Keeping Who-ville Cyber Secure This Holiday Season

By Jeff Wichman ·

“They’re finding out now that no Christmas is coming! They’re just waking up, I know just what they’ll do. Their mouth will hang open a minute or two, then the Whos down in Who-ville will all cry, ‘Boo Hoo.’”
- Dr. Seuss, How the Grinch Stole Christmas

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If we were to relate the Grinch to cyber security terms, we’d call him a quintessential threat actor. His sole focus is finding a way to stop Christmas from coming, no matter the cost. Like a threat actor, Mr. Grinch checks the perimeter of Who-ville looking for vulnerabilities and gaps that can be manipulated so he can destroy the Whos’ sense of safety and security.  

Today’s threat actor operates in much the same way as the Grinch, working overtime to identify vulnerabilities to stage an attack. Instead of stealing packages and Christmas dinner, threat actors exploit customer data, leaving your business and customers at risk. 

Protect your business from threat actors – the tall and the small – this holiday season with Optiv’s top five tips.  

  1. Have a plan. Identify security gaps by shining a light on them to increase visibility. Proactive incident management planning enables businesses to develop and evaluate the efficacy of their programs. Enterprises need to develop an incident response plan so the entire team understands when an event turns into an incident, what types of incidents they are likely to face from threat actors and more importantly, who the experts are for response efforts.  
  2. Audit point-of-sale (POS) now. The explosive growth of POS types and related applications creates more endpoints on-premises and in the cloud, resulting in a far larger attack surface. Enterprises must implement greater security within the software development lifecycle to protect credit cards, Personally Identifiable Information (PII) and secure endpoints. Without security from inception, the risk of vulnerabilities within the POS or applications increases significantly.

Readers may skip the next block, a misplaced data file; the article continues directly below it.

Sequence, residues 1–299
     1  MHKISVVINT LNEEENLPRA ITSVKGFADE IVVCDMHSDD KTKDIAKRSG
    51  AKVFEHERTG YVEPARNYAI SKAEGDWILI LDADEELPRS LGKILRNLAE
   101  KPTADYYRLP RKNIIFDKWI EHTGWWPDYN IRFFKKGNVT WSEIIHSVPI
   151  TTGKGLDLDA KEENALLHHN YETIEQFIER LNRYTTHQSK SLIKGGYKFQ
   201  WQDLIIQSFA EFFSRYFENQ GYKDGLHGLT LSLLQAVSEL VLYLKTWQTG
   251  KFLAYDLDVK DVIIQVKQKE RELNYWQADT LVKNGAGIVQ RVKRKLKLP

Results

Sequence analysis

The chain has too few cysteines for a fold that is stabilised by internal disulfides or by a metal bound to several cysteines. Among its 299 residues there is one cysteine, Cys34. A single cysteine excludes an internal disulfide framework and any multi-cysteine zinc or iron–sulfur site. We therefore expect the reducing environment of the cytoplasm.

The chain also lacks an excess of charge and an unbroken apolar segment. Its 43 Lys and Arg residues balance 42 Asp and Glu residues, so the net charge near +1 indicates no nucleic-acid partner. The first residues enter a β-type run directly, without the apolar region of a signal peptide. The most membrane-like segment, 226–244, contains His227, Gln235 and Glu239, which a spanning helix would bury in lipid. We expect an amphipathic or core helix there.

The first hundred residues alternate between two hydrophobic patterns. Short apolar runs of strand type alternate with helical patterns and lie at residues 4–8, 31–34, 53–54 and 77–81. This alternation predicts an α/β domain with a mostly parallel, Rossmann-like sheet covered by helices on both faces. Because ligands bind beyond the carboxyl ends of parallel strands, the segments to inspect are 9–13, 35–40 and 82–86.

3. Remind others that holiday season is hacker season. The holiday season is the most active time of year for malicious cyber activity. According to Forbes, “The four main ways in which social engineering occurs is by phishing, in which the hacker uses email to trick someone into giving them access to some kind of account or login or financial information; vishing, which is the same but through voice, such as a phone call; impersonation, which is done in person, on site; and smishing, which occurs through text message.” Enterprises need an incident management program in place so everyone involved knows what to do before, during and after an incident. Awareness of these activities breeds vigilance during this time of year.  
  4. Beware of lurking ransomware attacks. Ransomware attacks scale up during the holiday season. E-commerce sites and many other endpoints offer attackers an array of entry points. Having an e-commerce site taken down by ransomware would be especially painful for a retailer during the holidays. To keep these endpoints secure, enterprises should boost security vigilance with iterative, differential attack and penetration testing. 
  5. Use secure payment options when possible. A unique, holistic Secure Payment approach will help secure the entire payment process throughout the cardholder data environment (CDE), fortifying security related to endpoints, applications and networks. Tighter integration of security, with a laser focus on data protection, enables merchants to advance their security maturity while allowing customers’ peace of mind knowing their data is protected.  

Hackers don’t take a holiday when you do. Avoid a Grinch-style attack this season by implementing the above tips. Wishing you a cyber safe holiday season! 

jeff-wichman

Jeff Wichman

Managing Security Consultant, Enterprise Incident Management

Jeff Wichman is a managing security consultant in Optiv’s enterprise incident management practice. Jeff’s role is to provide leadership to the enterprise incident management security consultants, technical expertise in digital forensics and incident response programs and processes, and mentoring the Optiv enterprise incident management team.